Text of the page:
A non-exhaustive list of issues raised during the development of SNAP 2 includes:
- Several human rights issues were raised in relation to the criminal justice system, and a particular focus was custodial sentences and the conditions for people on remand. For example, there are too many people on remand, some people can spend more time on remand than their sentence would have been if they had been convicted, and the conditions people on remand face can be worse than those of people who have been convicted. A comprehensive human rights review of the whole system has never been undertaken – without this, many issues may not be properly addressed.
- Some people experience poorer human rights outcomes and their rights are most at risk – both in accessing justice and within the criminal justice system. People whose rights are most at risk should be identified and prioritised on an action-by-action basis, before activity begins
- Members of migrant communities who are subject to or engaged by the criminal justice or immigration enforcement processes in Scotland face multiple human rights issues and can be excluded from decision-making. Action is needed to improve human rights compliance and rights-based approaches by relevant devolved institutions.
- Evidence shows that people whose rights are most at risk do not have good access to the independent advocacy services they need to help them participate in decision-making, access justice and realise their rights.
- There are existing gaps in legal and advice service provision which hampers people’s routes to justice and remedy. Furthermore, to prepare for incorporation of economic, social, cultural and environmental rights into domestic Scots law, work is needed to systematically identify any gaps in accessibility to relevant, quality legal and other advice in relation to these rights.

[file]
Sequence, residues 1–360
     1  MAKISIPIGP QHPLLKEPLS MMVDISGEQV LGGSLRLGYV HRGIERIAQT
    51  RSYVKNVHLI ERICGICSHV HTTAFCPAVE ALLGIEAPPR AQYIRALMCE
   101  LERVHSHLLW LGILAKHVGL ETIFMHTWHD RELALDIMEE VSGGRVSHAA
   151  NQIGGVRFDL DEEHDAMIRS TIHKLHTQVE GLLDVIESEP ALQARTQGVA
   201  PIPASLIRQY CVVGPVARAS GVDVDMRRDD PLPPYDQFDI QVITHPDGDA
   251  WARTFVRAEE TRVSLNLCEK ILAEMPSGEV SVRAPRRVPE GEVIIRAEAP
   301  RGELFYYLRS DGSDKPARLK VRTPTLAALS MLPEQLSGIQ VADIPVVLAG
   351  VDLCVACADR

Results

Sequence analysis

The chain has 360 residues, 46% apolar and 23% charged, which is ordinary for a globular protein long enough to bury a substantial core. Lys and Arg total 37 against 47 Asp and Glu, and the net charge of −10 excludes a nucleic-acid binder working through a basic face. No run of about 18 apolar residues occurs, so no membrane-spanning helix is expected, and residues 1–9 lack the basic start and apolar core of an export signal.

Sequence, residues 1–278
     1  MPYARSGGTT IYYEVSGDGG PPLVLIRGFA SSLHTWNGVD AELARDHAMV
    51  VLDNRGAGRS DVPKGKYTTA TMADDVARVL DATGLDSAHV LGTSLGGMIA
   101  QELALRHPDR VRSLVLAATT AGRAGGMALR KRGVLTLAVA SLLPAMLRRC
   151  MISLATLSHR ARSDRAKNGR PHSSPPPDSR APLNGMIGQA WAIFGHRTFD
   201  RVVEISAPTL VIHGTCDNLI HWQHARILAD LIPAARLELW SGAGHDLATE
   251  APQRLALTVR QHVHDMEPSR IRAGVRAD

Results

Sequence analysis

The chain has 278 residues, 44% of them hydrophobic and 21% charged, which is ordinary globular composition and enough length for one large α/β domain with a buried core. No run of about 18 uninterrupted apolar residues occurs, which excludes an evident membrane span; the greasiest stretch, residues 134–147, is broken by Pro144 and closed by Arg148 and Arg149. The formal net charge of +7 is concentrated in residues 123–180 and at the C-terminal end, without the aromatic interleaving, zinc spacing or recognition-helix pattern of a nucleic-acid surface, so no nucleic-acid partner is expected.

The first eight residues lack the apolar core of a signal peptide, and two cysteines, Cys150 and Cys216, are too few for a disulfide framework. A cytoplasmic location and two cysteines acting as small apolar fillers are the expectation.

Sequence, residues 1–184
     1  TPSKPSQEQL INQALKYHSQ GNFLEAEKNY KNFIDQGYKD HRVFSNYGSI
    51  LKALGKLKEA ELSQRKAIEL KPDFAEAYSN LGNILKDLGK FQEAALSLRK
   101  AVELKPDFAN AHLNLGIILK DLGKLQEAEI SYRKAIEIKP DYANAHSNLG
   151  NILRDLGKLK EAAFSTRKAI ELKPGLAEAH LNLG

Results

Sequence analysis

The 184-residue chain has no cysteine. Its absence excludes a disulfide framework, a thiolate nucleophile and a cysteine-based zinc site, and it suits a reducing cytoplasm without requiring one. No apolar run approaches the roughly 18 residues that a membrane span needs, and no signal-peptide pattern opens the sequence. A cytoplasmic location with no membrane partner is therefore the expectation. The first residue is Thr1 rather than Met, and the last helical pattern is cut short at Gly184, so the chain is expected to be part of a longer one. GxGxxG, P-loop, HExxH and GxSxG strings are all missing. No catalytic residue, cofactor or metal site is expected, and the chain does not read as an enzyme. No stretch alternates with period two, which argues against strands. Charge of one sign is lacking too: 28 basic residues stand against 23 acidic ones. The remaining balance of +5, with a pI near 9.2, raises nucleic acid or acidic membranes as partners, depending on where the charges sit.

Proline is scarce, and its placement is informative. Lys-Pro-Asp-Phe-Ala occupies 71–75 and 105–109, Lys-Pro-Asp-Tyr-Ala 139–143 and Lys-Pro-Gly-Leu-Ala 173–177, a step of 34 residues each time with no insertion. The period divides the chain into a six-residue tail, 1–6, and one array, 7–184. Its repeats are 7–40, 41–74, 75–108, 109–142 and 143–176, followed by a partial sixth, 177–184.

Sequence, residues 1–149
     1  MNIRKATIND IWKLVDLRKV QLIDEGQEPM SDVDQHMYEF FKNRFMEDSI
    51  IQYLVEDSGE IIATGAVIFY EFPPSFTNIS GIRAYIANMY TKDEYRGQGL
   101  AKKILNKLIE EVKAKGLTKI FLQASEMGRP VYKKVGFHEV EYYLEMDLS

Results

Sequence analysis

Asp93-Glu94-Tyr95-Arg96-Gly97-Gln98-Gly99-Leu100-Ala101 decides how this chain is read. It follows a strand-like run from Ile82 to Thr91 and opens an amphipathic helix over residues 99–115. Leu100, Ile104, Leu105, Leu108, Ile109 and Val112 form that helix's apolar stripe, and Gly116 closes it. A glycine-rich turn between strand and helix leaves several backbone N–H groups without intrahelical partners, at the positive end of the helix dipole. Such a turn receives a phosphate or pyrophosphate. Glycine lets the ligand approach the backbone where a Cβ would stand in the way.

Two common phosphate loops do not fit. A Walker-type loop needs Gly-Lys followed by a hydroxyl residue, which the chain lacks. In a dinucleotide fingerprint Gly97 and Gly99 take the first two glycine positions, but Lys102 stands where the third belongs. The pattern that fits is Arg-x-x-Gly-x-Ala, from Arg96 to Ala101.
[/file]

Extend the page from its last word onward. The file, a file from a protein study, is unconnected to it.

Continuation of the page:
- Human rights frameworks should include the tools and mechanisms for accountability of duty bearers on fulfilling their human rights obligations, which means tracking the steps taken to protect and realise rights outcomes not just reporting on processes. The place of rights-holders in being able to hold the government to account – particularly on strategies and action plans – is not well understood or applied.
- Carry out a whole system human rights review of the justice system, focused on examining the root causes of over-reliance on custodial sentences and conditions for people on remand. Use the findings and recommendations to inform and influence work to reduce the remand population and improve conditions.
- Carry out a human rights review of the lived experience of members of migrant communities who are subject to or engaged by the criminal justice or immigration enforcement processes in Scotland. Particular focus on those members of migrant communities whose rights are most at risk and who live in socio-economic precariousness or legal immigration insecurity. Use the findings and recommendations to inform and improve human rights compliance by devolved institutions and rights-based participation and learning approaches with migrants.
- Carry out a mapping exercise of independent advocacy services that enable individuals and groups whose rights are most at risk to participate in decision-making, access justice and realise their rights. Use the findings and recommendations to inform, improve and support the implementation of work to develop, expand and ensure access to universal and specialist independent advocacy services across Scotland.
- Carry out a mapping exercise of the provision of legal and advice services to individuals on economic, social, cultural and environmental rights in Scotland, identifying any geographical, issue-specific, or service provision gaps. Use the findings and recommendations to inform and improve policy and funding for advice and other services, and implementation of the proposed Human Rights Bill in Scotland.
- Develop, test and evaluate mechanisms for rights holder-led accountability on at least two Scottish Government strategies or actions plans. Use the findings and recommendations to inform, improve and support the implementation of rights holder-led accountability across all public bodies in Scotland.
End of page.